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Iconography of Power

posted on 20/02/20


M. AGRIPPA L. F. COS. TERTIUM FECIT. So reads the inscription on the façade of the Pantheon, translated as: Marcus Agrippa, son of Lucius, in his 3rd consulship, built this. It graces probably the foremost and most astonishing extant building of the Roman World, yet this ostensibly simple inscription is more enigmatic than it appears.

While Marcus Agrippa did build a Pantheon, a traditional-style Roman temple on this site in AD 27, it was destroyed by fire – twice. The current Pantheon, however, was an entirely new design, with Greek influence, facing in the opposite direction from the original, and constructed as part of Hadrian’s building programme a century later in c. AD 118-128.

So, in a move that confused minds as great as Michelangelo’s (and was only solved in the early 1900s by Hadrianic brick stamps), Hadrian chose to attribute the erection of this architectural masterpiece to a deceased general of plebeian origin rather than assume that lasting glory for himself. What may have prompted this?

It is speculated that the statuary and other sculptural decoration in the Augustan Pantheon (a Temple to ‘all the gods’) hint that this building was actually the nearest Augustus could get to the Imperial cult in the City of Rome (i.e. a temple to himself deified while alive). He was worshipped as a god in Eastern regions of the Empire, but in Rome, even monarchy was inadmissible. Godhead (for the living) was quite beyond the bounds of palatability. Augustus had learned the lesson from his adoptive father’s assassination (Julius Caesar) and thus assumed the title ‘Princeps’ – first (among equals) – as opposed to ‘Dictator’ or other monarchical titles.


However, the iconography of Augustus’ Pantheon consisted of deities with a specific connection to Augustus’ personal mythology. The statue of Venus alluded to his apocryphal descent from this divine ancestress of the Gens Julii – the bloodline of Julius Caesar, by whom Augustus was adopted upon the latter’s death. She stood with her lover, Mars, whom Augustus hailed as the avenger of Caesar’s assassins at the Battle of Philippi. With these stood a statue of the Divine Julius Caesar, whom Augustus pushed the Senate to declare a god upon his death – thus enabling him to assume the title ‘Divi filius’, son of a god. And at a politic distance from his celestial family, stood a statue of Augustus flanked by Marcus Agrippa. This was one of many moves Augustus made to establish tacit dynastic propaganda and cosmic ratification of his rule through imagery and implication.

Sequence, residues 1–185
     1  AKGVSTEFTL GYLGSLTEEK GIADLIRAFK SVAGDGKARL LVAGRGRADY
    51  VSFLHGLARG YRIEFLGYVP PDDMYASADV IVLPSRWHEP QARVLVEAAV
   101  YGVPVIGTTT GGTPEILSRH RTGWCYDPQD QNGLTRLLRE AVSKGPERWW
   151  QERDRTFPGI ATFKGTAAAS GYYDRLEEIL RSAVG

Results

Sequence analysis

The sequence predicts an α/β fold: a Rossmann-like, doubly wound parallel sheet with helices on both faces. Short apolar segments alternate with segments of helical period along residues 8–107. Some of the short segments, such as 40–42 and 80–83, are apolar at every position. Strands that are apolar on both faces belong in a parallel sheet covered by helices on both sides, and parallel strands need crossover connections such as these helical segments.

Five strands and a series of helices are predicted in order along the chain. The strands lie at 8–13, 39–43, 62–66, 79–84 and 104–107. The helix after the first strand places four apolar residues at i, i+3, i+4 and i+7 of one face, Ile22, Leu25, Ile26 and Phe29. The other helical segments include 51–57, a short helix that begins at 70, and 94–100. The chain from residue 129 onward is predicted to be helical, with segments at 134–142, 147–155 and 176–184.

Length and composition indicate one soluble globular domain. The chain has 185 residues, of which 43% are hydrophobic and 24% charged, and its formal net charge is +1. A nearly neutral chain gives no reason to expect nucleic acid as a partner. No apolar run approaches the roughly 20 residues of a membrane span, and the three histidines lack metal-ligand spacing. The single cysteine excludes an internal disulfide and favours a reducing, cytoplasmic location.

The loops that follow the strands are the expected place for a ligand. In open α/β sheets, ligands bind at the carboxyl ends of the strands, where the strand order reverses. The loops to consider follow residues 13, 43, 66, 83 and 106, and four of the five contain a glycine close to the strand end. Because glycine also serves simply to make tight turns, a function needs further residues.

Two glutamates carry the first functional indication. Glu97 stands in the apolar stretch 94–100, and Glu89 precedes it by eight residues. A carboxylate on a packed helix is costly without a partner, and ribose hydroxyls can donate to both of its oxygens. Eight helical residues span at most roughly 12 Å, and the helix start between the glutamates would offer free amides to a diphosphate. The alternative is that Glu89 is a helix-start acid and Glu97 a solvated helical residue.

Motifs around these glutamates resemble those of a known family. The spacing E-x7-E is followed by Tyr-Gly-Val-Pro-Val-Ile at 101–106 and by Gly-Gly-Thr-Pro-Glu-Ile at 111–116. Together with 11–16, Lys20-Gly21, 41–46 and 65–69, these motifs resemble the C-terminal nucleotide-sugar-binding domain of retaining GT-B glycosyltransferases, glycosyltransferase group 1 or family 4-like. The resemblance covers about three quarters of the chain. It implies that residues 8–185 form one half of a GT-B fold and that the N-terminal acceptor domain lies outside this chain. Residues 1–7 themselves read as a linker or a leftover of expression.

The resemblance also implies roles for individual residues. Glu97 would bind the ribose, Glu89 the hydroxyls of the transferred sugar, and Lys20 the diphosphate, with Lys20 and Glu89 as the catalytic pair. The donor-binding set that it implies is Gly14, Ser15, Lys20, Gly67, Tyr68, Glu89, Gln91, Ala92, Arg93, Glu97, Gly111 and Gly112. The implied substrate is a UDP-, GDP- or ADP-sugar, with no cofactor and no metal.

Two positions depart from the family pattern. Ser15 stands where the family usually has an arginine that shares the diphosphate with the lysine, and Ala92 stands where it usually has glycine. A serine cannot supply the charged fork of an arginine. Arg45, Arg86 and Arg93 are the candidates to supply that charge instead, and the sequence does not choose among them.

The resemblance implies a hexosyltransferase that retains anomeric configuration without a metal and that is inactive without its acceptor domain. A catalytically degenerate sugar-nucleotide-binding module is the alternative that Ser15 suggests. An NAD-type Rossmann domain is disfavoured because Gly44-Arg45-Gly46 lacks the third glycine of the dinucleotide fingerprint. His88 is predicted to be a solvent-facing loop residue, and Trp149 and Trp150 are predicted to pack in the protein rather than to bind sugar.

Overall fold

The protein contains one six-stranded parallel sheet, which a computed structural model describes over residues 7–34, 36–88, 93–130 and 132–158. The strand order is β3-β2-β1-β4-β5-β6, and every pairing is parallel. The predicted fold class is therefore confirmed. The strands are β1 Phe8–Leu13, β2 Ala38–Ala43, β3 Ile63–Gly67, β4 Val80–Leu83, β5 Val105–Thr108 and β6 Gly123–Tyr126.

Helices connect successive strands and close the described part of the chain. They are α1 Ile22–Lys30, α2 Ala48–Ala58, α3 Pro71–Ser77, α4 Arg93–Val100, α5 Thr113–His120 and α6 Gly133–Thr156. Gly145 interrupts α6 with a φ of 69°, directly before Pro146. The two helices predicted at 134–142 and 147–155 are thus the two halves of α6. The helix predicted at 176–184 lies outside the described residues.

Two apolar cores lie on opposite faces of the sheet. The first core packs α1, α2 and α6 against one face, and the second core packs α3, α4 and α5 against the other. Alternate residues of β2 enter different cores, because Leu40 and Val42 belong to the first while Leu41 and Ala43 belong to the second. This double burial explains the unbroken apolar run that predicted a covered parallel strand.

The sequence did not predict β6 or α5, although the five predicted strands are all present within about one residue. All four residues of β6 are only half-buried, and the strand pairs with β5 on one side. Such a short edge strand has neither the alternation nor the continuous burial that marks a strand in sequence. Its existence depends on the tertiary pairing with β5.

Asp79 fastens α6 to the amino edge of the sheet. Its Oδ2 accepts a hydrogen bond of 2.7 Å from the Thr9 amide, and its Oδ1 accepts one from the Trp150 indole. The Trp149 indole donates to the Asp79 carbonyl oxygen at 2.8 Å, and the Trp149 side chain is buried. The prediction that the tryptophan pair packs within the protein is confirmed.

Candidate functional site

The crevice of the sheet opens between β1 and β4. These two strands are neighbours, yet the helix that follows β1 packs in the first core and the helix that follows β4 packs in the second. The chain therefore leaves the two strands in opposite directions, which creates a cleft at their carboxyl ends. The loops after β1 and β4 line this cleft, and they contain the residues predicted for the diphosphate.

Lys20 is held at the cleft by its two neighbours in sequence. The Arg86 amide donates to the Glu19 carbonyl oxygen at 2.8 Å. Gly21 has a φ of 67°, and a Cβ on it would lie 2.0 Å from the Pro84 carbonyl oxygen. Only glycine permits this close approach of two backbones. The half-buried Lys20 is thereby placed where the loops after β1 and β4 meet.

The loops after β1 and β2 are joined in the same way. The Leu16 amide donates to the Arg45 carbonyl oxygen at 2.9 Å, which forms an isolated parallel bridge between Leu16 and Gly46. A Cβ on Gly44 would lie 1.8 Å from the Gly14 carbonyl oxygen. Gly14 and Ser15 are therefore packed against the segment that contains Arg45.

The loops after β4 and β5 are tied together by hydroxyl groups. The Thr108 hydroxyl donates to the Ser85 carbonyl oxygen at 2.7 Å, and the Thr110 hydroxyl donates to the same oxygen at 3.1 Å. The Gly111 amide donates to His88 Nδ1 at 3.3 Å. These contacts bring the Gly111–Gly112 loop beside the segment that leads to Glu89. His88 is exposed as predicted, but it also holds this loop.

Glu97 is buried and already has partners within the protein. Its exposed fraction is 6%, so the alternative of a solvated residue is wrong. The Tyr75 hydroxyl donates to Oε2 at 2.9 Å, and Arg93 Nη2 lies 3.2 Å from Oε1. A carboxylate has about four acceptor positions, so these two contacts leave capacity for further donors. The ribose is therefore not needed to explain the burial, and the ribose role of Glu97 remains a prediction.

And Hadrian? By the use of the simple inscription, he established his own connection to the deified Augustus, but through seemingly humble means. Recusatio honorum (the refusal of honours) is a literary trope in Roman literature, where the likes of Callimachus, Horace, Virgil, and even Tacitus assume a faux self-deprecating persona to downplay their work or choice of literary style.

It is the refusal of power as a means of power. Augustus played out this equivocal game throughout his reign. In a quite literal display of subliminality (the word derives from the Latin word, limen, meaning threshold), Augustus lived in a deliberately modest house adjunct to which he built his Temple of Apollo – a blurring of thresholds between god and man. The location of this house near the Hut of Romulus, on the Palatine Hill overlooking the Forum, emblematically bound Augustus to the foundation of Rome itself and wove him powerfully into the City’s history.

 

Throughout Rome today, we see remarkable ancient (mainly Imperial) buildings which are deeply expressive of the structures of power in the infancy of the last millennium. With the perspective of time comes a clarity of vision that is not always apparent in one’s present time, which is why (I believe) the study of history provides the greatest lessons. By adopting the emotional distance of observer status, we can know ourselves and our times better and gain a greater sense of how things do not always play out in the way we anticipate. It provides one with a sense of humility in our judgements and is in contradistinction to the reactivity of an age where the ping of a mobile phone makes (many of) us jump to attention.

The Romans had a strong sense of their legacy enduring, of the importance of inscribing in stone, of words that provided ‘monuments more lasting than bronze’. And they were right – the Ancient riches that the modern day City of Rome offers up as insights into both the past and present, and their timeless beauty that continues to take one’s breath away are gifts for the mind and the soul – generation after generation.

You’ll find a list of our Roman tours below, but at the heart of them all is the City of Rome, from which all roads lead.


Kelly Ward
Director, Martin Randall Australasia

 

Roman Southern Britain, 5–12 May 2020 

Walking Hadrian’s Wall, 14–20 September 2020

The Romans in Mediterranean Spain, 5–11 October 2020

Connoisseur’s Pompeii, 6–9 October 2020

 

Ancient Rome, 12–17 October 2020

Pompeii & Herculaneum, 19–24 October 2020



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